02/26/2012 06:22 pm ET Updated Apr 27, 2012

How Strong Is Your College Knowledge?

Last Friday's blog invited you to test your college knowledge. The eight questions may seem to be pretty obscure, but the answers -- and the ideas behind the answers -- give high school students something to consider as they build their college lists, and think about the purpose of college in the first place...

... and here are the first four:

1. What one skill must every graduate of the University of Chicago possess?
Like many colleges, Chicago requires all students to pass a swim test. Reader Gregory Edward Mantel said this requirement makes sure alumni are more likely to give money to their alma mater than drown; others incorrectly assume this mandate is based on a gift given by the parents of a deceased student who drowned while pledging to a sorority. Chicago says it's just a long standing requirement for graduation.

What you should consider Some colleges have graduation requirements, including specific core academic courses all students must take, while others have no core requirements at all. Make sure you know the expectations of every college on your list, and think about how much flexibility you want or need in your college experience -- and remember, less structure isn't always a good thing for everyone.

2. Colorado College and Cornell College offer something few other colleges can. What is this special quality?

As reader Chad Walker points out, students at these two colleges take only one class at a time. Each class lasts a little over three weeks; after a day or two to rest and reflect on what that class offered, them students begin a new class the next Monday.

What you should consider This "one at a time" approach can be a huge help to students who want to focus their energies on one subject, and it certainly keeps homework plans organized. This is one reason why some colleges offer a "4-1-4" calendar, where you can focus on one class in an intense January term, while taking 15-week classes in the fall and spring.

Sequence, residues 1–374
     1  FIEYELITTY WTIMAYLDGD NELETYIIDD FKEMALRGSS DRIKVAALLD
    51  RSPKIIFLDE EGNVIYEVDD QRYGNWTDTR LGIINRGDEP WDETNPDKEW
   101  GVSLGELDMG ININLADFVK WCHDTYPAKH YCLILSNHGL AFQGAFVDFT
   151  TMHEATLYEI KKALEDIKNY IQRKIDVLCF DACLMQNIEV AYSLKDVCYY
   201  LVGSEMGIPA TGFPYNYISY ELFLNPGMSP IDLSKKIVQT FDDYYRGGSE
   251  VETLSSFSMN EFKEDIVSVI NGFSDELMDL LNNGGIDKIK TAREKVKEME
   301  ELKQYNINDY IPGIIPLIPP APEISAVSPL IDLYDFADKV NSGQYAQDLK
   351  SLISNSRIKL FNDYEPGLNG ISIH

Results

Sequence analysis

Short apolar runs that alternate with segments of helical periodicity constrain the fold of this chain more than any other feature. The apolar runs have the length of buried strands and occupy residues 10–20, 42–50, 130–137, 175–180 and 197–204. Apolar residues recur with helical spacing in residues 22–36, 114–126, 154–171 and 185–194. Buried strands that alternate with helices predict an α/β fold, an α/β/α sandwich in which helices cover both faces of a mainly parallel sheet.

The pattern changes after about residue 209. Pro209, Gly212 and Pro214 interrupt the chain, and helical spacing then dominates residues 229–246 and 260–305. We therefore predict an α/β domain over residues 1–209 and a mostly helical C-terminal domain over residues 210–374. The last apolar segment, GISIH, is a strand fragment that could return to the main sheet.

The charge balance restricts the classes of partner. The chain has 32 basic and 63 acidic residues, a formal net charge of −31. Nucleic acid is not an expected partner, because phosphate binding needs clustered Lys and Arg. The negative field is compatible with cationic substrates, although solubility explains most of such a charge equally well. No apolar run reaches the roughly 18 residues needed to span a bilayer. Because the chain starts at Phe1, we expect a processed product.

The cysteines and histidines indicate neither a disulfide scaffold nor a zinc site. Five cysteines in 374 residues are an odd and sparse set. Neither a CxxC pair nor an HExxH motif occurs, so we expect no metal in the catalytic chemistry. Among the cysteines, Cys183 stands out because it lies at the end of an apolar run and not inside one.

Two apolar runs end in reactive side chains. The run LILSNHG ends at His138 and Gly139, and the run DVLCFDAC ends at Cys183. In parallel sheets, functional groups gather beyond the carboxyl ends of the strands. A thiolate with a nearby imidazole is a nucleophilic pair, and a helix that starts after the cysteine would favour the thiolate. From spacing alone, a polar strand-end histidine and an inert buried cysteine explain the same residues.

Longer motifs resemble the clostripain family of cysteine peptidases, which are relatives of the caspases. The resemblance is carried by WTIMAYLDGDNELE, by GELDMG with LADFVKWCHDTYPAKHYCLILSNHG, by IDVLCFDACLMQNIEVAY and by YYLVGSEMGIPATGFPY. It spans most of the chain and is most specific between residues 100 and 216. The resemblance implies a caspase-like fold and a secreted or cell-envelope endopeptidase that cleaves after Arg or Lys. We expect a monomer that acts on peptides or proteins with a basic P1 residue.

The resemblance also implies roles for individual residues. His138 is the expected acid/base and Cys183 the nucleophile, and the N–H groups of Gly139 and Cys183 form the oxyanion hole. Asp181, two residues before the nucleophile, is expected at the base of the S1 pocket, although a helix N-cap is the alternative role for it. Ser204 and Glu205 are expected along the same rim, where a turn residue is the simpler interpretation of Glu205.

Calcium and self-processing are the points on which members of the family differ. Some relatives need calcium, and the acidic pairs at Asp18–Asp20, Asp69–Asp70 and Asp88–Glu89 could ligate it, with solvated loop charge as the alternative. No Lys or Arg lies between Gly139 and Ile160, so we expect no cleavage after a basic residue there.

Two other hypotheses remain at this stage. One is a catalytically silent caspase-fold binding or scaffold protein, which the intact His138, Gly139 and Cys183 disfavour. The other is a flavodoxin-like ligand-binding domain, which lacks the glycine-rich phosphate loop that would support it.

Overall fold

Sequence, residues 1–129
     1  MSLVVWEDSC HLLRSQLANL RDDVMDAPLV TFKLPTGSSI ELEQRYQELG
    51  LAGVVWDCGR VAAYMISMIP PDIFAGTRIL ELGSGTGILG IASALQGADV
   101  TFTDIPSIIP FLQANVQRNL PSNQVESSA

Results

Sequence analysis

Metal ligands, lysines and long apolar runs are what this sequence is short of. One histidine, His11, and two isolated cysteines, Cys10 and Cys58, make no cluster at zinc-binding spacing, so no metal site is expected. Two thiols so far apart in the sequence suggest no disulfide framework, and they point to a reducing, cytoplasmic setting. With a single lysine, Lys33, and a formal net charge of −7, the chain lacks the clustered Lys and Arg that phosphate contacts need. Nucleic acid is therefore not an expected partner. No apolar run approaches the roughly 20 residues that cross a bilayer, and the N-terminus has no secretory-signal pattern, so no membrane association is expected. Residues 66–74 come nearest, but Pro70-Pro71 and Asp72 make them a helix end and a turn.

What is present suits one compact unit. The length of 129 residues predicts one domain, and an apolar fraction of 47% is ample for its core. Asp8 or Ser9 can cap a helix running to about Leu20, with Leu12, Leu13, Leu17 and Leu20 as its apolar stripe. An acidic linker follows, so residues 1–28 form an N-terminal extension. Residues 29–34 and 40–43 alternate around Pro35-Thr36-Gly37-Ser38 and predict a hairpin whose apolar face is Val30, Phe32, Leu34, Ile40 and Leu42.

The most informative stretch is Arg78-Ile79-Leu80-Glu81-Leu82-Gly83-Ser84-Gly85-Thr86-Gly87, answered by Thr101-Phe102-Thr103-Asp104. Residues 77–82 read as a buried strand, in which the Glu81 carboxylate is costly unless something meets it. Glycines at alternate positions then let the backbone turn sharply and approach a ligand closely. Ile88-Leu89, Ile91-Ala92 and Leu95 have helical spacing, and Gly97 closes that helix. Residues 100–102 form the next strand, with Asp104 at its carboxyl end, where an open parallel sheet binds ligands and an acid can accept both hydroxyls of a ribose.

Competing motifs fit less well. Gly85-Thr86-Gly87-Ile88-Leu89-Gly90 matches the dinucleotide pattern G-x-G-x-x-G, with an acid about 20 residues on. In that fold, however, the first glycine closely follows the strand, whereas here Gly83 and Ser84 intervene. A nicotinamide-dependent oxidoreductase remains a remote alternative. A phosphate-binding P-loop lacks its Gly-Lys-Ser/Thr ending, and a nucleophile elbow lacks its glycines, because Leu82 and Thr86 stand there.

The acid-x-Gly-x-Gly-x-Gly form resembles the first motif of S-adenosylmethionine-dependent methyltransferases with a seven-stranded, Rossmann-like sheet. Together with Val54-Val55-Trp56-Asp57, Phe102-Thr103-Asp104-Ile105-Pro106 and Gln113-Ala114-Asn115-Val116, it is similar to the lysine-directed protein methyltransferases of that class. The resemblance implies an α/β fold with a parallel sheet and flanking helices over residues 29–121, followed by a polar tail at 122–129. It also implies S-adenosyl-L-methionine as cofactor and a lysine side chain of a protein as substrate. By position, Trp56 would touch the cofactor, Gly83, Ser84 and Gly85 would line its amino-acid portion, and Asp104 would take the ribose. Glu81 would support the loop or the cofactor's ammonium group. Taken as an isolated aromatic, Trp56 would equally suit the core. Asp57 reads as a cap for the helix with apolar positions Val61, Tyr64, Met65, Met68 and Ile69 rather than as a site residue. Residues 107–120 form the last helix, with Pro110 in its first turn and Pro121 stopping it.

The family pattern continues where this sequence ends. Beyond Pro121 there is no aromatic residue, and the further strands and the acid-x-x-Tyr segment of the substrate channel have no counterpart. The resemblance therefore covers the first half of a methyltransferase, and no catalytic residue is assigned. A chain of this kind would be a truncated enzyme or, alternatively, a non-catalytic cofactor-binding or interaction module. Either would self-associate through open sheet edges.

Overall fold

On the other hand, some students need more time to let ideas sink in; if that's you, you'll probably want to look at colleges that have a traditional 15 or 16-week calendar, rather than an intense study period, or perhaps even a 10-week quarter system. Give this some thought as you build your college options.

3. Berea College and Cooper Union are attractive to students for the same reason. What is it?

Reader LinKevin knows what few others know -- both colleges are tuition free. While there are other costs to consider (room and board, which may be covered for students showing financial need), the idea of Berea and Cooper Union being tuition free for all students makes everyone stop and think twice about what they might be able to afford.

What you should consider Be careful not to let the sticker price be the deal breaker for any college. Private colleges often have additional sources of income that can make them as affordable as public colleges, and since every college now has a net price calculator, it's easier than ever to get some idea how much a college will really cost you. Additional information can be found at College Navigator, and by calling the financial aid office of any college. Like everything else in education, the only bad question is the one that goes unasked -- if you don't know, make the call.

4. The One O'clock Lab Band is one of the most prestigious college jazz bands in the nation. Where is it located?

Hepcats on either coast will be amazed to know The University of North Texas hosts this elite musical group, which has been nominated for six Grammys. This is just one of a number of jazz bands at UNT, which has a music program most people look right past, since it's not a conservatory or housed at a large university.

What you should consider Make sure you ask around about college options. I've been a college counselor for 26 years, but I found out about UNT from the owner of a local music store. There can be a wealth of college information from artists, musicians, teachers, business professionals and more -- again, all you have to do is ask, or check on the web sites of various professional associations. Your counselor can help you make sure you aren't just getting the personal advice of an alumna/ae who is crazy about their college, but it's still better to find out and learn how to sort out strong advice from weak.

If these four answers got you thinking out of the box, that's the whole idea. Come back Wednesday, and we'll cover the last four questions on the quiz.